Digital Strategy Insights Marie Poulin

Why should I hire you?

why-hire

A designer was asked this by a prospective client in a Skype meeting, and she froze like a deer in headlights.

“There are lots of designers out there… why should I hire YOU specifically?”
If a prospective client asked you this on a call, would you know what to say?
If you know exactly what you’d say, feel free to move along; this post is not for you.

If you suspect that you’d probably have the same reaction (freezing in fear, unsure of how to respond), well, we’ve got some work to do, so read on.

This is probably one of the most common struggles I see with designers: an inability to articulate the value they can bring to the client.

There are many issues at play here including: process and workflow issues, confidence, and positioning. Just be aware, that if you struggle with this, you are in good company! I’ve seen this issue pop up time and time again, and as someone who has struggled with my own business confidence, I really needed to address this.

First things first.

It’s a totally fair question for a client to ask, yes?

They’re not necessarily trying to grill you or catch you off-guard… they legitimately want to know what makes you different from the sea of designers out there (and yes, there is a sea of them!)

An inability to answer this question usually signals one or more of the following issues:

  • You don’t know your own value (or how to articulate it)
  • You don’t have a solid, dependable process
  • Your positioning is weak
  • You lack confidence (or suffer from imposter syndrome)

(Hint, these things are all related)

Let’s address each of these problems, so that you can start to get more comfortable with the inevitability of the question: “Why should I hire you?”

Problem:

You don’t have a solid, dependable process

I used to think I was winging it with clients, just working from intuition. The truth is, I had a process, I just hadn’t articulated it yet. There was a reason I would make certain decisions along the way, and while every project felt different, there were very real commonalities between projects that I could point to.

While every client project is unique, I have my go-to processes that outline how to approach each part of the project depending on the client’s comfort level with design language, technology, or even how far along they are with their content development. I may show wireframes in some instances, while jumping right into a prototype with another client.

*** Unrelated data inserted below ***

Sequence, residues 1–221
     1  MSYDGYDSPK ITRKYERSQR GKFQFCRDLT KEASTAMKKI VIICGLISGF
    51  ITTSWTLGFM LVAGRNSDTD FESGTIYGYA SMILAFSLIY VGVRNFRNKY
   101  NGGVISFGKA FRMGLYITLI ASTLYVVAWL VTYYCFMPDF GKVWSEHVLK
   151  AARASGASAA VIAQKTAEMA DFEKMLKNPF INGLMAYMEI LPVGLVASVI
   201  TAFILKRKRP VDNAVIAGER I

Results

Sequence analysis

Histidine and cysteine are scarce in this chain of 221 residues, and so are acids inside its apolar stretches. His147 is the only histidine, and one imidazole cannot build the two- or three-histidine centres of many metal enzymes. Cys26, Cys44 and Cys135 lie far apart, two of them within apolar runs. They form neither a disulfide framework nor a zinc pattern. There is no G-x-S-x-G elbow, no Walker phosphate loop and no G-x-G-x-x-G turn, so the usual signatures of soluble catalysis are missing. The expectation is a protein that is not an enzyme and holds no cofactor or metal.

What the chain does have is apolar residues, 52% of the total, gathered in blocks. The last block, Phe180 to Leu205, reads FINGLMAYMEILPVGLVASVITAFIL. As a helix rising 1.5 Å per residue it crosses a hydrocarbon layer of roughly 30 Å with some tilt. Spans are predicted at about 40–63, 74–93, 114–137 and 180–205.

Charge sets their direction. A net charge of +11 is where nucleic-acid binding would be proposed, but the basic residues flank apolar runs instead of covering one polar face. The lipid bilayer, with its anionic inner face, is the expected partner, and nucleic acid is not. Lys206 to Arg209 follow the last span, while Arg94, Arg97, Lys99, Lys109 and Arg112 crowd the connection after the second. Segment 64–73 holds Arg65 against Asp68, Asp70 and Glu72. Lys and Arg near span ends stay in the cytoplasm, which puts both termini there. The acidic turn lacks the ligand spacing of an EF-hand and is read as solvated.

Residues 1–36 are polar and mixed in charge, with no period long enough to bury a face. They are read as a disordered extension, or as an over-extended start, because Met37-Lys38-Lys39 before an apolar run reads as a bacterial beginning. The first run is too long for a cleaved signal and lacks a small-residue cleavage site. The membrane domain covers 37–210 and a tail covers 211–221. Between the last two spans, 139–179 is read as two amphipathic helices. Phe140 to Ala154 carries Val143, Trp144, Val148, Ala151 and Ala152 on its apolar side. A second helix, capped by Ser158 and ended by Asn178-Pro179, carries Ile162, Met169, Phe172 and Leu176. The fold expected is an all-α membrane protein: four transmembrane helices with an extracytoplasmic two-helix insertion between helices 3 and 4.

It’s not because I’m disorganized; my ability to read what a client needs at each phase in the project allows me to adapt and be flexible, meeting them where they are. That is my superpower. My process is built to be flexible, so that even when I’m thrown a curveball, I have a number of approaches I can take.

Now it’s your turn to nail down your process.

Solution:

You need to design a repeatable process for how you approach your projects.

When you design a solid, dependable process, it makes it much easier to separate yourself from your process, allowing you to talk to clients about the value of your process, and not your own person worth/value (which can be much more challenging).

Review this post: Why you need to design the experience of working with you.

Then, map out your own project process, and look for ways to start streamlining and automating what you do.

If you are beginning to take on projects that you’ve never done before, and aren’t sure how to you talk about how you’d approach it…

The easiest way to break down a project approach is this methodology:

  • What is the current situation?
  • What is the desired outcome or situation?
  • What would it take to get there?
  • How will we measure success?

What is. What if. How so. Is it working.

You don’t have to know the answer to these questions; just know that you can count on this process for any project that you take on.

Find out where the client is currently (new or existing business, traffic, social engagement, content, assets, workflow, website, etc), where they want to go (help them determine their big goals and dreams),  what strategy and tactics they’ll need to get there (if you’re doing strategy work, this is what you’ll help them figure out through your work together), and how you’ll measure that your collaboration is a success (what metrics will you use?).

What you do in each of those stages and how you do it (tools and approach) is really your secret sauce.

 

Problem:

You don’t know your own value (or how to articulate it).

I’ve mentored and worked with a lot of designers, and being a human being myself, I know what it means to question your own value and experience. (See also: imposter complex.)

It can also be exceptionally difficult to quantify the estimated value that you can bring to a project, especially if you’re approaching a new type of project that’s outside of your current expertise.

Solution:

1. Take Inventory of the clients and projects you’ve worked on:

  • Which projects had the best results?
  • What kind of results are you able to get for your clients?
  • Which did you enjoy working on?
  • What patterns have you noticed in your successful projects?
  • Where do you consistently shine?
  • What do your clients frequently thank you for?
  • How do your friends and colleagues typically compliment you?
    If you can’t answer this question, you need to ask some of your closest friends (business and otherwise) what they see as your natural strengths.
    Hint: these don’t have to be all “business” or technical skills